Home baseball A will left by the “father of women’s baseball” Koshien’s dream stage that he arrived at while giving away his private fortune | Full-Count

A will left by the “father of women’s baseball” Koshien’s dream stage that he arrived at while giving away his private fortune | Full-Count

by archysport

Kohei Yotsu holds the first women’s baseball tournament in Japan in 1995

The final of the 25th National High School Women’s Baseball Championship will be held at Koshien for the first time on August 22nd. A dream stage that arrived in a quarter of a century from the first tournament that started at five schools. To realize this, there was a “will” of a person called “the father of women’s baseball.” Mitsuharu Hamamoto, Vice Chairman of the All Japan Women’s Baseball Federation and Representative Director of the National High School Women’s Baseball Federation, spoke about the history and future of women’s baseball in a Full-Count interview. Delivered in 3 serials.

A high school baseball player plays at Koshien for the first time. From the opening game on July 24th to the semi-final on August 1st, it will be held in Tamba City, Hyogo, and only the final will be held at Koshien on August 22nd, which is the rest day of the 103rd National High School Baseball Championship for men. When it was announced on April 28, there was a big response.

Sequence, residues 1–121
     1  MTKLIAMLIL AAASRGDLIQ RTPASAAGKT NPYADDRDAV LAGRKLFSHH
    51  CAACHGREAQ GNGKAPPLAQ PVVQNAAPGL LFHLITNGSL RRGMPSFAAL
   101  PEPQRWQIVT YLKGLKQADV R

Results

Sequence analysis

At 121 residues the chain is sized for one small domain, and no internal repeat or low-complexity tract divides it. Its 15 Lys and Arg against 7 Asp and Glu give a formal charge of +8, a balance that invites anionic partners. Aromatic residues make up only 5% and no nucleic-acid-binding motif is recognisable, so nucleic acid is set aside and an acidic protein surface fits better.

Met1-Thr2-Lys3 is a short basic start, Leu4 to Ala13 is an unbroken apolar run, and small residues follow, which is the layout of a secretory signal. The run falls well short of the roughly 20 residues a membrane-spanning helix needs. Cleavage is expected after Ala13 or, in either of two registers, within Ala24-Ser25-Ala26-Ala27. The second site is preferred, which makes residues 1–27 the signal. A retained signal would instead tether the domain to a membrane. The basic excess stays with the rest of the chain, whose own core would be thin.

“I’ve heard that female directors were more crying and happy than male directors.’I never thought of taking command on the soil of Koshien.’ He said, “I hope you will see the charm of women’s baseball, which is bright and energetic, and different from that of boys,” said Mr. Hamamoto with a gentle smile.

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I have fulfilled another promise with the late Kohei Yotsu. Mr. Yotsu held the first women’s baseball tournament in Japan in 1995, “Japan-China Opposition Women’s Junior High School and High School Friendship Baseball Tournament,” and established the National High School Women’s Baseball Federation in 1998. He has contributed to the development of women’s baseball by using his private fortune and is called the “father of women’s baseball.”

When Mr. Hamamoto assumed the role of Hanasaki Tokuharu’s director of the women’s baseball club in 2001, he first visited Mr. Yotsu’s home to learn about the history of women’s baseball. It was such a fateful encounter that I could say, “That was a big turning point in my life. Without this, I wouldn’t be myself now.”

The cost of staying and operating the tournament was “I used two houses.”

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